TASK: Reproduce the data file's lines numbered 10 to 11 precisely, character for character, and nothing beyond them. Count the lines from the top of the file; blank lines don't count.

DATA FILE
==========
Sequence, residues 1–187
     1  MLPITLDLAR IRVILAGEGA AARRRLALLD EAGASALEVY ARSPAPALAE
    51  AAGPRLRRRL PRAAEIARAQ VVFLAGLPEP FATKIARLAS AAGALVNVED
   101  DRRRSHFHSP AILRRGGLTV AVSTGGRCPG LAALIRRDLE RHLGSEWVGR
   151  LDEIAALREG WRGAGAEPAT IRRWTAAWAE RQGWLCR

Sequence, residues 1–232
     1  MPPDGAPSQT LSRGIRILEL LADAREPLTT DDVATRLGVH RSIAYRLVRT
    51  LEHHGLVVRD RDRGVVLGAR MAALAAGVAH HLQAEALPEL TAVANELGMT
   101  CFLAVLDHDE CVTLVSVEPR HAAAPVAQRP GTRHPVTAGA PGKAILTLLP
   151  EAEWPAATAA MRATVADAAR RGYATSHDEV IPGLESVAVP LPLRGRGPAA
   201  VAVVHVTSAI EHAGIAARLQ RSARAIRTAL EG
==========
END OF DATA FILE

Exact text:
   151  EAEWPAATAA MRATVADAAR RGYATSHDEV IPGLESVAVP LPLRGRGPAA
   201  VAVVHVTSAI EHAGIAARLQ RSARAIRTAL EG